Decoding personalisation complexity

Columbia Road
4 min readSep 12, 2023


So personalisation, it could be anything, right?

For marketing, personalisation is personalised messages in the right channels at the right time. For ecommerce managers, it means personalised product recommendations. For anyone working with customer loyalty, it would be personalised loyalty program benefits. And for most, it’s a monogrammed wallet or a coffee mug with your grandma’s face on it.

If you are anything like a normal human being, the complexity of it all might be so overwhelming that you just can’t wrap your head around it.

To overcome the overwhelm, let’s split personalisation into smaller chunks. This is always a good idea with anything you want to be better at, be it a massive software project or getting your golf swing just right.

So, back to personalisation, to break it down, let’s use Gartner’s way of categorising personalisation based on use cases: marketing, digital commerce, and service and support.

Personalisation in marketing

For marketing, personalisation means delivering the right message to the right audience in the right context to maximise marketing and advertising performance.

In practice, here are some examples of personalisation in the context of marketing:

1. Tailored email campaigns:

An online fashion retailer sends personalised email recommendations to customers based on their browsing history and past purchases, increasing the likelihood of conversions.

2. Location-based offers

A coffee chain sends push notifications to customers’ mobile devices with special offers when they are near one of their physical stores.

3. Time-triggered offers

A bakery sends an email with a morning discount on freshly baked goods to customers who have previously made morning purchases, creating a sense of urgency and delight.

4. Dynamic website content

A visitor interested in vegan recipes visits a food blog and finds the homepage displaying a curated list of popular vegan recipes, based on their past browsing history on the site.

Personalisation in digital commerce

In ecommerce and digital commerce, personalisation means opportunities to tailor content, offers, recommendations and experiences across digital sales channels.

Lets look at some examples of personalisation in the context of digital commerce.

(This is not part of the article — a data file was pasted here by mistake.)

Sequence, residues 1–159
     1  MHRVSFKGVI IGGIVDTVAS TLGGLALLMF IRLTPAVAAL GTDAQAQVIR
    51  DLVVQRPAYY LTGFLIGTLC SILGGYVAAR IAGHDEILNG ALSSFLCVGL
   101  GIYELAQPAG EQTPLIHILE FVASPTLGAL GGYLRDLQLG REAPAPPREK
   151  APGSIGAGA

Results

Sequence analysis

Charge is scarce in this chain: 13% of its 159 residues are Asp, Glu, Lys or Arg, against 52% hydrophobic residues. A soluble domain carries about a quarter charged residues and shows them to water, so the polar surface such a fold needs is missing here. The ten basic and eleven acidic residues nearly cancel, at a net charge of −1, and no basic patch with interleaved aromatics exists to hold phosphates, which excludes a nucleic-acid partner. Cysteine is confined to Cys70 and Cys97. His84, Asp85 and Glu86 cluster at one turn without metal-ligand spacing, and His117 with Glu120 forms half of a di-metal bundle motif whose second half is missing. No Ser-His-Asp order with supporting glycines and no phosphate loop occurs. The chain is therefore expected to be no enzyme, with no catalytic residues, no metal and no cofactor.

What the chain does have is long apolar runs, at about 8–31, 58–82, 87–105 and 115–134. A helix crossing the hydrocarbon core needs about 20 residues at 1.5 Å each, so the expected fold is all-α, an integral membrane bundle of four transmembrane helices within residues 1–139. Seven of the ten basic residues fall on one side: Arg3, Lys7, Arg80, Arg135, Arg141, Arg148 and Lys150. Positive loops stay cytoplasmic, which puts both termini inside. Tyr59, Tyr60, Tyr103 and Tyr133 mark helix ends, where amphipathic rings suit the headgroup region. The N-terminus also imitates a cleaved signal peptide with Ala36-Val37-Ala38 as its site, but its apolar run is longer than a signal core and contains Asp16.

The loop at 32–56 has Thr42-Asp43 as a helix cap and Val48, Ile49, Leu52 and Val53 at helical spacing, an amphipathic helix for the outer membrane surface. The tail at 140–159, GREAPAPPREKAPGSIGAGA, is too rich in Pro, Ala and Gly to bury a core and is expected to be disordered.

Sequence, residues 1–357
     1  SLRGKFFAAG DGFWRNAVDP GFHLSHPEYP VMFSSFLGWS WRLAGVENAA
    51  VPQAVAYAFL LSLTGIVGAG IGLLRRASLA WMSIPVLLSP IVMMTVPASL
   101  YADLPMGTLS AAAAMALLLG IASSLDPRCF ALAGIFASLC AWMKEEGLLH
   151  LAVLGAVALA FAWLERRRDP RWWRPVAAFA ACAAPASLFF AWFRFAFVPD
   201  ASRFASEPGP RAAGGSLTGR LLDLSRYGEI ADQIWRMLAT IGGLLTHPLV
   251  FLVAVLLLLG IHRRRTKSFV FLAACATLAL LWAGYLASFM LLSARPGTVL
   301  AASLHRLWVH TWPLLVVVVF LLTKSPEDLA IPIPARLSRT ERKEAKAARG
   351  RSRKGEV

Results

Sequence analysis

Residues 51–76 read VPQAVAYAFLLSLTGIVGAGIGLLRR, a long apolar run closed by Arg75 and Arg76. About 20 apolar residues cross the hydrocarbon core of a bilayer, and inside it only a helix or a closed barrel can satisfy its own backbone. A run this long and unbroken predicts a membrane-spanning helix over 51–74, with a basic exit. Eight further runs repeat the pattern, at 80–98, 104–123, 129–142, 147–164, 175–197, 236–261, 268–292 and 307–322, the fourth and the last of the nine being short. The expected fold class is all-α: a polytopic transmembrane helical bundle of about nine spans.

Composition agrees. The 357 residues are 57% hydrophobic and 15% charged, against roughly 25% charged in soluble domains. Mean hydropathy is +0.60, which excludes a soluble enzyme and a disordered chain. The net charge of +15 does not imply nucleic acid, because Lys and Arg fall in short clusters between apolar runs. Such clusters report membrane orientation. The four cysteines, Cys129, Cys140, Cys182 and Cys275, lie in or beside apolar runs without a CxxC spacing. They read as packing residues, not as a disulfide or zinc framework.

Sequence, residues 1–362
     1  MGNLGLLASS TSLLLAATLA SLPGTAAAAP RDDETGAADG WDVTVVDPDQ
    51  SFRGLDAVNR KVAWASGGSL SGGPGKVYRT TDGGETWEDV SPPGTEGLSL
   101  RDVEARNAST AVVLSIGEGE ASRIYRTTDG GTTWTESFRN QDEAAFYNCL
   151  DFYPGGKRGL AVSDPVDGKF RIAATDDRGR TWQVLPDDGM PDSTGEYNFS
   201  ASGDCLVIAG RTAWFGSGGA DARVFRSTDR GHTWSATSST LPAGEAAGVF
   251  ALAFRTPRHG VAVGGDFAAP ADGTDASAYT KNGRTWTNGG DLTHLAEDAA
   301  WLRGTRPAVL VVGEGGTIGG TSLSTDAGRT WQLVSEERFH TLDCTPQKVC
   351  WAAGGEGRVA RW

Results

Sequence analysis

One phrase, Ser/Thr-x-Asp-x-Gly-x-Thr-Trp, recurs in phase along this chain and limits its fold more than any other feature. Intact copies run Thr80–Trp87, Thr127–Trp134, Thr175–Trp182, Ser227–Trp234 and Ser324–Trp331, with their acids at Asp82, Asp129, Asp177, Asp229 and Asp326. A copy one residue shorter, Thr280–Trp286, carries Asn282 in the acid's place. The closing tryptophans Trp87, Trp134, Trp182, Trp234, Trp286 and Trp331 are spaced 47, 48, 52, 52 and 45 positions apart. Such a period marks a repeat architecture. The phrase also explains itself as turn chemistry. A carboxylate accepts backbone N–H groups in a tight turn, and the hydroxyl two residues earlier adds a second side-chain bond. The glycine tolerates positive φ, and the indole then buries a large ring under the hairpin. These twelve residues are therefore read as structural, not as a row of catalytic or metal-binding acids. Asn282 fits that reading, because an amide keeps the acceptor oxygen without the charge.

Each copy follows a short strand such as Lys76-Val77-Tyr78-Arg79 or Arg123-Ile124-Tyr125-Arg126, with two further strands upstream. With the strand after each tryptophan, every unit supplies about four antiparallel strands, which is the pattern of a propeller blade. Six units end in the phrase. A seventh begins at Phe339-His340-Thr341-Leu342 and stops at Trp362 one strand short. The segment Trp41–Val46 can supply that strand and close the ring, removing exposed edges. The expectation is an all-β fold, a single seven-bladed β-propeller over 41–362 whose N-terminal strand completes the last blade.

1. Customised recommendations

A user browsing an e-commerce website receives suggestions for wireless headphones, based on their recent purchase of a smartphone.

2. Early shopper persona

An online fashion retailer invites new customers to complete a quick style quiz upon signing up. Using their responses, the retailer suggests a curated selection of products that match their unique style preferences, getting their shopping journey off to a personalised start.

3. One-click checkout

An online grocery store remembers a customer’s preferred delivery time and payment method, offering a streamlined checkout process during their next purchase.

4. Product bundles

An electronics retailer suggests complementary products or accessories when customers add a specific item to their cart, encouraging higher-value purchases.

5. Size and fit recommendations

An online clothing store provides size and fit recommendations based on customers’ body measurements and past purchases, reducing the likelihood of returns.

6. Loyalty point integration

An online grocery delivery service integrates loyalty program points directly into the checkout process, allowing customers to redeem points for discounts.

Personalisation in service and support

Post-purchase, personalisation can mean using customer insight, journey context and user feedback to customise online and offline experiences across business functions to reduce customer effort or increase customer satisfaction and advocacy.

Finally, here are some examples of personalisation in service and support.

1. Customised recommendations

A customer contacts an e-commerce company’s customer support to inquire about purchasing a skincare product. The representative reviews the customer’s purchase history and preferences and recommends products tailored to their needs.

2. Proactive outreach

An airline’s customer support team notices that a customer’s flight is delayed due to weather. They proactively send a personalised message with alternative flight options and accommodations, minimising the inconvenience.

3. Preferred contact channels

A bank’s customer support remembers that a specific customer prefers communicating via chat. Whenever the customer contacts support, they are directed to a chat representative to ensure a seamless experience.

4. Replenishment Reminders

An online pet supply store sends reminders to customers to reorder pet food or supplies based on their past purchase frequency.

Create holistic personalised customer experiences

Personalisation can mean a variety of things in different parts of the customer journey from acquisition to loyalty. One of the keys to good personalisation is ensuring that the customer feels special — not only in one touchpoint but across the entire customer journey. As stated in one of my previous articles, way too often the messages of “You’re so special!” in marketing is followed by “Who were you again?” customer support.

Still, splitting the personalisation into three different contexts will help you to understand where your organisation is today and what you should do next in order to climb the ladder of personalisation — and by succeeding in it — also your career as someone who can ‘make it rain’ so to speak. By starting somewhere, you’ll eventually be able to master personalisation at a large scope.

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